The current overhaul adds another three years to the comfort zone for military planners. "To say that there isn't the possibility of a war with Egypt within the next five years is a pretty bold decision,'' he said.

The Arab Spring has accelerated a shift under way for decades in the Middle East, analysts said. Israel hasn't fought an all-out conventional war against a rival military since 1973. At the same time, the U.S.'s two wars in Iraq eliminated Baghdad's ability to threaten invasion from the east through Jordan.

"The announced changes are serious. A lot of the cuts will not be restored easily,'' said Gerald Steinberg, a professor of political science at Bar Ilan University. "The strategic situation has changed to a more significant degree than it was thought to have changed in the 90s. It's hard to imagine the type of the wars that were once fought.''

Write to Joshua Mitnick at

Thursday, July 11, 2013



8:00PM BST 10 Jul 2013

Images analysed by experts at IHS Jane's Intelligence Review has revealed a hitherto undisclosed surface-to-surface missile base deep in the Saudi desert, with capabilities for hitting both countries.

Analysts who examined the photos spotted two launch pads with markings pointing north-west towards Tel Aviv and north-east towards Tehran. They are designed for Saudi Arabia's arsenal of lorry-launched DF 3 missiles, which have a range of 1,500-2,500 miles and can carry a two-ton payload.

The base, believed to have been built within the last five years, gives an insight into Saudi strategic thinking at a time of heightened tensions in the Gulf.

While Saudi Arabia does not have formal diplomatic relations with Israel, it has long maintained discreet back channel communications as part of attempts to promote stability in the region.

The two countries also have a mutual enemy in Iran, though, which has long seen Saudi Arabia as a rival power in the Gulf. Experts fear that if Iran obtains a nuclear weapon, Saudi Arabia would seek to follow suit.

Analysts at IHS Jane's believe that the kingdom is currently in the process of upgrading its missiles, although even the DF3, which dates back to the 1980s, is itself potentially big enough to carry a nuclear device.

The missile base, which is at al-Watah, around 125 miles south-west of the Saudi capital, Riyadh, was discovered during a project by IHS Jane'sto update their assessment of Saudi Arabia's military capabilities.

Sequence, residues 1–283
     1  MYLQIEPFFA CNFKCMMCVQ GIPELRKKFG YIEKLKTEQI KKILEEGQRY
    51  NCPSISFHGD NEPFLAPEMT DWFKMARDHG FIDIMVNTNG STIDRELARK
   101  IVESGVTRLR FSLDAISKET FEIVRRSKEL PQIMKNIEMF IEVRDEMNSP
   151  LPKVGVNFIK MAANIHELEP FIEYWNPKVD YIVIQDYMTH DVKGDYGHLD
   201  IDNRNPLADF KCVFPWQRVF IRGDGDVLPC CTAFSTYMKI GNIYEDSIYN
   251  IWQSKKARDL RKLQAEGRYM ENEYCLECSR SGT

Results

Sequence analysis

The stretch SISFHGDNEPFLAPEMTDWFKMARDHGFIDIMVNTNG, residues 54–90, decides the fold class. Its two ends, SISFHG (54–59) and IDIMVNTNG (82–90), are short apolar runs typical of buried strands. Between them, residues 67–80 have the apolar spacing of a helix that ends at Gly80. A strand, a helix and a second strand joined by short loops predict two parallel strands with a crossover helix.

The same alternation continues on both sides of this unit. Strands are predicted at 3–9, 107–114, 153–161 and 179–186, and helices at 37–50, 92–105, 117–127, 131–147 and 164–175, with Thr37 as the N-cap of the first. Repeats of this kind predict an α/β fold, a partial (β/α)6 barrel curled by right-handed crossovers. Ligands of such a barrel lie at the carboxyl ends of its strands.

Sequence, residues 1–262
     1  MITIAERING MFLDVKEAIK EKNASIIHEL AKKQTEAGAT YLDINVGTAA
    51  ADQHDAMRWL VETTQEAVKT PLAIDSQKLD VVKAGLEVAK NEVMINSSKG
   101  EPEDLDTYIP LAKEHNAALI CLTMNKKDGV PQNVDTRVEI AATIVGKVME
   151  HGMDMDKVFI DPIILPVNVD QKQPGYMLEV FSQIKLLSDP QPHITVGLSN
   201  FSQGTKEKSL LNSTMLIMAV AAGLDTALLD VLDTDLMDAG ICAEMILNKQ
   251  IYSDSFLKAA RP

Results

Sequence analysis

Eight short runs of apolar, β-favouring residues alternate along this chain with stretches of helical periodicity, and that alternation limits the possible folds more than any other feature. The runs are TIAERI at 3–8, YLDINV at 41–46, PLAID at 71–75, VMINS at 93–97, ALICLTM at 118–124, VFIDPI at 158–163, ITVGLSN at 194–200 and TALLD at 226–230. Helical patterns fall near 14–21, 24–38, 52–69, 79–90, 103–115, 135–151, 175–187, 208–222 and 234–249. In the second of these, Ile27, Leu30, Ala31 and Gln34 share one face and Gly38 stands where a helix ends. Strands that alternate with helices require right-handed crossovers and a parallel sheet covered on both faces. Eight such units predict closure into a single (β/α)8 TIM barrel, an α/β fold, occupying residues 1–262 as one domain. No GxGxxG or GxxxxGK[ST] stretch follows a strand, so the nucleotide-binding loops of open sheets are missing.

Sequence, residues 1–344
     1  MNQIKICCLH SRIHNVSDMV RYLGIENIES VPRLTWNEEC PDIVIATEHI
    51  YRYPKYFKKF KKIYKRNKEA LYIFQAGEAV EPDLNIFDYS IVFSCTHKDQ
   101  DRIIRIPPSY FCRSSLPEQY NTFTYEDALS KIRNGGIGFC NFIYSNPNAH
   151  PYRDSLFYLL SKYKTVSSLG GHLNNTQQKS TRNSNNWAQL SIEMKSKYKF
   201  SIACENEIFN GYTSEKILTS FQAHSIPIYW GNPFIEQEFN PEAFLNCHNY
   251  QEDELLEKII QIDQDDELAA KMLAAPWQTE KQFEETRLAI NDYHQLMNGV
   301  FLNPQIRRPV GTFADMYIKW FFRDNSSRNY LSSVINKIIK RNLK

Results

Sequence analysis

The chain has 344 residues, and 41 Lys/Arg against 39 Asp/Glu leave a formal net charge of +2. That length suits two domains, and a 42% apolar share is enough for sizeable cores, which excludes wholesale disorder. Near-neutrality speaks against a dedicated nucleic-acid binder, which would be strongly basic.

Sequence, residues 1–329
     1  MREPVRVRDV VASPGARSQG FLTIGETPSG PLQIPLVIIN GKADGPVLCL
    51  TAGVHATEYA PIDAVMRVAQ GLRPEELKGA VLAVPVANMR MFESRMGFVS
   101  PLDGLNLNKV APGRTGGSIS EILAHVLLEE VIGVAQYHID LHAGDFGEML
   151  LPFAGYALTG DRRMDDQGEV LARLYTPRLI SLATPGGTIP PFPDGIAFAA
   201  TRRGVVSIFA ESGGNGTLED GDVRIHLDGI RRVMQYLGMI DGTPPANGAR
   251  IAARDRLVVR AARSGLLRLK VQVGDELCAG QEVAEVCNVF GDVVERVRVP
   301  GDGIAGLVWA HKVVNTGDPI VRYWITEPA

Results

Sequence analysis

It serves as both a training and launch facility, with the missiles stored in an underground silo built into a rocky hillside. To the north of the facility are two circle-shaped launch pads, both with compass-style markings showing the precise direction that the launchers should fire in.

The Chinese-made missiles, which date back to the 1980s, are not remotely-guided and therefore have to be positioned in the direction of their target before firing.

"One appears to be aligned on a bearing of approximately 301 degrees and suggesting a potential Israeli target, and the other is oriented along an azimuth (bearing) of approximately 10 degrees, ostensibly situated to target Iranian locations," said the IHS Jane's article, which is published on Thursday.

While the lorry-launched missiles can theoretically be fired from any location, the idea of having pre-planned directional markers is to ensure that they can be deployed in accurate fashion as quickly as possible, said Allison Puccioni, an image expert at IHS Jane's.

"There is a marked out spot for the launch truck to park in, which will facilitate an expedited launch," she said.

Robert Munks, deputy editor of IHS Jane's Intelligence Review, said: "Our assessment suggests that this base is either partly or fully operational, with the launch pads pointing in the directions of Israel and Iran respectively. We cannot be certain that the missiles are pointed specifically at Tel Aviv and Tehran themselves, but if they were to be launched, you would expect them to be targeting major cities.

"We do not want to make too many inferences about the Saudi strategy, but clearly Saudi Arabia does not enjoy good relations with either Iran or Israel."

Officials at the Saudi Embassy in London did not get back with a response when contacted by The Telegraph. The Israeli Embassy in London said: "We have no comment on this matter."

David Butter, an associate fellow with the Middle East and North Africa program at Chatham House, the London-based foreign affairs think-tank, said there was "little surprise" that the Saudis had the missiles in place.

"It would seem that they are looking towards some sort of deterrent capability, which is an obvious thing for them to be doing, given that Iran too is developing its own ballistic missiles," he said.

He added, though, that the Saudis would know that the site would come to the attention of foreign intelligence agencies, and that the missile pad pointed in the direction of Israel could be partly just "for show".

"It would give the Iranians the impression that they were not being exclusively targeted, and would also allow the Saudis to suggest to the rest of the Arab world that they still consider Israel a threat."

Oil-rich Saudi Arabia considers itself one of the pre-eminent powers in the Gulf region, but its Sunni Islam leadership has long been at loggerheads with the Shia mullahs of Iran. The ongoing conflict in Syria, which Saudi Arabia has backed the Sunni-dominated rebels and Iran has backed the Shia-dominated regime of President Bashar al-Assad, has heightened fears of a wider sectarian conflict.

A confidential diplomatic cable revealed in the "WikiLeaks" disclosures of 2010 said that King Abdullah of Saudi Arabia repeatedly exhorted the United States to launch military strikes against Iran's nuclear programme and "cut off the head of the snake"